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Rivista di Medicina Interna
Indexed/Abstracted in: BIOSIS Previews, Current Contents/Clinical Medicine, EMBASE, PubMed/MEDLINE, Science Citation Index Expanded (SciSearch), Scopus
Impact Factor 1,6
Panminerva Medica 2004 December;46(4):207-15
Vascular dementia. Advances in nosology, diagnosis, treatment and prevention
Román G. C.
Department of Medicine/Neurology University of Texas Health Science Center at San Antonio and the Audie Murphy Veterans Administration Hospital San Antonio, TX, USA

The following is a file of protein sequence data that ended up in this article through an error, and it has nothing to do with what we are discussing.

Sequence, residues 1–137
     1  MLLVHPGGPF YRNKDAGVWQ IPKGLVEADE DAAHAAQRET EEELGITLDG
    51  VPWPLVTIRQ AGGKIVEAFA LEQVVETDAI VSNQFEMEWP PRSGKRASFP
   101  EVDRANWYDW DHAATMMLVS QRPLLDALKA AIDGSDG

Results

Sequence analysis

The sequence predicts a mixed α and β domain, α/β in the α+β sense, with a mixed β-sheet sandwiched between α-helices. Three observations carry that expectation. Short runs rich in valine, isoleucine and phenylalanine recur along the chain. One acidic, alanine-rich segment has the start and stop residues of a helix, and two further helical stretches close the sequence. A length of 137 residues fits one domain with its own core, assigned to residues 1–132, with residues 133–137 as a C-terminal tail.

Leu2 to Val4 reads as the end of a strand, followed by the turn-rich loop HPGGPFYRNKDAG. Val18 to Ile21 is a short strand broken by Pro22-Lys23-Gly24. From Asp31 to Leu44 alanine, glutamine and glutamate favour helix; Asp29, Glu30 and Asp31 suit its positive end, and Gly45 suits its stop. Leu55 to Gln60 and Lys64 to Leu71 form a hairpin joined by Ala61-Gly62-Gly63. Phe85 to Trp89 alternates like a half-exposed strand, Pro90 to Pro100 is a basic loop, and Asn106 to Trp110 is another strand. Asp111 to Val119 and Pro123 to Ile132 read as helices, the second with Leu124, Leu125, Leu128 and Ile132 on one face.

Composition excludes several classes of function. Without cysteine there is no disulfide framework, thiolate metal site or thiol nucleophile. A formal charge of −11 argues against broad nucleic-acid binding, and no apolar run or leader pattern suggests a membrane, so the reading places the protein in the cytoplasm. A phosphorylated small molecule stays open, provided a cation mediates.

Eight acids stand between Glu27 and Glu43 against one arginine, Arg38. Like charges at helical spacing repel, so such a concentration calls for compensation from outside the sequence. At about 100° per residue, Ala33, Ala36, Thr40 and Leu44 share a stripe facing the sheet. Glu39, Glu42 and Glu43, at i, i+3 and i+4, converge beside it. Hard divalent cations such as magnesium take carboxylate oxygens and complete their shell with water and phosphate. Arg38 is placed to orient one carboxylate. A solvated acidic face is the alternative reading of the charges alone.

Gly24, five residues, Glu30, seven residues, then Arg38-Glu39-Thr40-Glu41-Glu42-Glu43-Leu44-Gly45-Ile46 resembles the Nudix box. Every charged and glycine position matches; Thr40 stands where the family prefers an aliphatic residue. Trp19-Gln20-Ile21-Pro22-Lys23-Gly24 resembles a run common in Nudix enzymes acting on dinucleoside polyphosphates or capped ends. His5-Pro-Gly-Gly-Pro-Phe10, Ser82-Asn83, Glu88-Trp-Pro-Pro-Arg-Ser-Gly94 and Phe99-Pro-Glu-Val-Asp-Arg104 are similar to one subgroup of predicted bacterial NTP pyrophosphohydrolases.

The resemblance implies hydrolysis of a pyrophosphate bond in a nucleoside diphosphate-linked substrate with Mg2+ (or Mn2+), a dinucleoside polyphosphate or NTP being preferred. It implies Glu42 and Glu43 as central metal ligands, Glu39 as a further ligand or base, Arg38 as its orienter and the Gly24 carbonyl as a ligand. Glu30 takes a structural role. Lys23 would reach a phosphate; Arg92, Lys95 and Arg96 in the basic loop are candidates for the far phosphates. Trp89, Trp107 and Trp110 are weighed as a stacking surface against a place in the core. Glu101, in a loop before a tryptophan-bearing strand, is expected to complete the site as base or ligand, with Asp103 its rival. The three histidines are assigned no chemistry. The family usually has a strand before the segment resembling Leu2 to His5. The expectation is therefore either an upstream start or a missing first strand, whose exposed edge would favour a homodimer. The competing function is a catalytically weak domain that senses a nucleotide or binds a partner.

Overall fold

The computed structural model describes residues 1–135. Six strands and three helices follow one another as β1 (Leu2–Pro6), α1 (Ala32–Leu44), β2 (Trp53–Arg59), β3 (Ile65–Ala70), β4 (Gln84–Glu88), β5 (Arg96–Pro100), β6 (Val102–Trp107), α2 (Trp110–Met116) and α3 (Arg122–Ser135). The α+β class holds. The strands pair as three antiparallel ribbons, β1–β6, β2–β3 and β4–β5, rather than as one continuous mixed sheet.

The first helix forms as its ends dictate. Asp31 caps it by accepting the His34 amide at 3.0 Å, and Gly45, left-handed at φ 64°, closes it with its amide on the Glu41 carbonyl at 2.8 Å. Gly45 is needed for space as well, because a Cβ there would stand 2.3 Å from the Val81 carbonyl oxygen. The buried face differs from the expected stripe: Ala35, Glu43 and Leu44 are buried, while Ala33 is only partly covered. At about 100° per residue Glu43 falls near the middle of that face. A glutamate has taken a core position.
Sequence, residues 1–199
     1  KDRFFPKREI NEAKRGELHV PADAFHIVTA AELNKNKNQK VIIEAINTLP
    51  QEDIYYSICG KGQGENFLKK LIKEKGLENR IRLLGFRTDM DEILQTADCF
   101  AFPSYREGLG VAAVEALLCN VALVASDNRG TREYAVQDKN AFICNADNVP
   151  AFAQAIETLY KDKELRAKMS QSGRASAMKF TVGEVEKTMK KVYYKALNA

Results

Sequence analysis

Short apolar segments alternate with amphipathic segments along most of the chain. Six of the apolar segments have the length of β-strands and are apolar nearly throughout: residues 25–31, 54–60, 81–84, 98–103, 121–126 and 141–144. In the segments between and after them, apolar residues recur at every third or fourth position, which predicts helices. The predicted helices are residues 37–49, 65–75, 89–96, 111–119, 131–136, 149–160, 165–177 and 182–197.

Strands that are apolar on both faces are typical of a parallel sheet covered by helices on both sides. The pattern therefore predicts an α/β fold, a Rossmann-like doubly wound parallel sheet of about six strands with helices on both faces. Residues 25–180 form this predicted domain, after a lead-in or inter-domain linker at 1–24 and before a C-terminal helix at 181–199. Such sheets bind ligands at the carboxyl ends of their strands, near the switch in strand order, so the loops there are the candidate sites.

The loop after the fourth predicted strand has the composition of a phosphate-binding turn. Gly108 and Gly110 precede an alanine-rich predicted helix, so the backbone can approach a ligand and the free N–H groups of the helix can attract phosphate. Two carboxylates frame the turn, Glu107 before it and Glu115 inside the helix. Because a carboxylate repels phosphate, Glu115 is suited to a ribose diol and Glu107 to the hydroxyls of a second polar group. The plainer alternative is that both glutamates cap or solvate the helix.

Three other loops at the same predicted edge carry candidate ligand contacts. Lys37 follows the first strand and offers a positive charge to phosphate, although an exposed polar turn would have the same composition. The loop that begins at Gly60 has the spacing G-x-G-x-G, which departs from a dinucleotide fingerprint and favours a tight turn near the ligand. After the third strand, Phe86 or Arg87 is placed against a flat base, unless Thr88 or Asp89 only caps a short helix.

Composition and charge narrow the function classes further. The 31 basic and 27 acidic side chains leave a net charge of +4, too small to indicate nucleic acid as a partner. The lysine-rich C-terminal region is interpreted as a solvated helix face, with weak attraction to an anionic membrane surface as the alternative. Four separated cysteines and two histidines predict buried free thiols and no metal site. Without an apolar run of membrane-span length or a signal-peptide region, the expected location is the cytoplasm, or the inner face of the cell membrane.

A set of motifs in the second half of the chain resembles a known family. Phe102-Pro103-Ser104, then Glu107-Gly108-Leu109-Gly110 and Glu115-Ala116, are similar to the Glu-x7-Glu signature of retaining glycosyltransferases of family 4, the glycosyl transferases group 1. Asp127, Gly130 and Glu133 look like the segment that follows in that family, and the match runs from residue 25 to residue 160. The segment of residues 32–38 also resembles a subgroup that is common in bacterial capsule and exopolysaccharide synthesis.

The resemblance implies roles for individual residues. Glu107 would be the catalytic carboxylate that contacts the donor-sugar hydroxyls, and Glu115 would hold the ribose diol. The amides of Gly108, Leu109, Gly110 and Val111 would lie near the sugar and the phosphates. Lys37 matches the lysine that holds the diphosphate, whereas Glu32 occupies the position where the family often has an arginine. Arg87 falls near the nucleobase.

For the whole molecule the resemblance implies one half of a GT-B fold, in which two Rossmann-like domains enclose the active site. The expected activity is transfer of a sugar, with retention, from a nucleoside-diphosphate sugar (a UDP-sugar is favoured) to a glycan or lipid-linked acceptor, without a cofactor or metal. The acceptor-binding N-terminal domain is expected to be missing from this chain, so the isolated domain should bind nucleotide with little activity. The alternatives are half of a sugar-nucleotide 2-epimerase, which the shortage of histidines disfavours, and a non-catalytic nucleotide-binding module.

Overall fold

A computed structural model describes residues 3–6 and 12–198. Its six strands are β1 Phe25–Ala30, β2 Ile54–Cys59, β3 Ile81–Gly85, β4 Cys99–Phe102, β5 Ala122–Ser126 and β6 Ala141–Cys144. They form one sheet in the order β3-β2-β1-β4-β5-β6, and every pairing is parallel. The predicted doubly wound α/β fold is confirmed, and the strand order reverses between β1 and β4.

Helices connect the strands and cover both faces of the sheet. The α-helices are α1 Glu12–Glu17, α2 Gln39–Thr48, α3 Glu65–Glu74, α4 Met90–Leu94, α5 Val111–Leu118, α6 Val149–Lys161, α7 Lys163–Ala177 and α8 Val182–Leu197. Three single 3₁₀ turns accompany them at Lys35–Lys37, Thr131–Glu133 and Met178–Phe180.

Ischemic or hemorrhagic cerebrovascular disease (CVD) produces injury of brain regions important for executive function, behavior, and memory leading to decline in cognitive functions and vascular dementia (VaD). Cardiovascular disease may cause VaD from hypoperfusion of susceptible brain areas. CVD may worsen degenerative dementias such as Alzheimer disease (AD). Currently, the global diagnostic category for cognitive impairment of vascular origin is vascular cognitive disorder (VCD). VCD ranges from vascular cognitive impairment (VCI) to VaD. The term VCI is limited to cases of cognitive impairment of vascular etiology, without dementia; VCI is equivalent to vascular mild cognitive impairment (MCI). Risk factors for VaD include age, hypertension, diabetes, smoking, cardiovascular disease (coronary heart disease, congestive heart failure, peripheral vascular disease), atrial fibrillation, left ventricular hypertrophy, hyperhomocysteinemia, orthostatic hypotension, cardiac arrhythmias, hyperfibrinogenemia, sleep apnea, infection, and high C-reactive protein. Research on biomarkers revealed increased CSF-NFL levels in VaD, whereas CSF-τ was normal. CSF-TNF-α, VEGF, and TGF-β were increased in both AD and VaD. VaD shows low CSF acetylcholinesterase levels. This condition responds to acetylcholinesterase inhibitors, confirming the central role of cholinergic deficit in its pathogenesis. Evidence strongly suggests that control of vascular risk factors, in particular hypertension, could prevent VaD.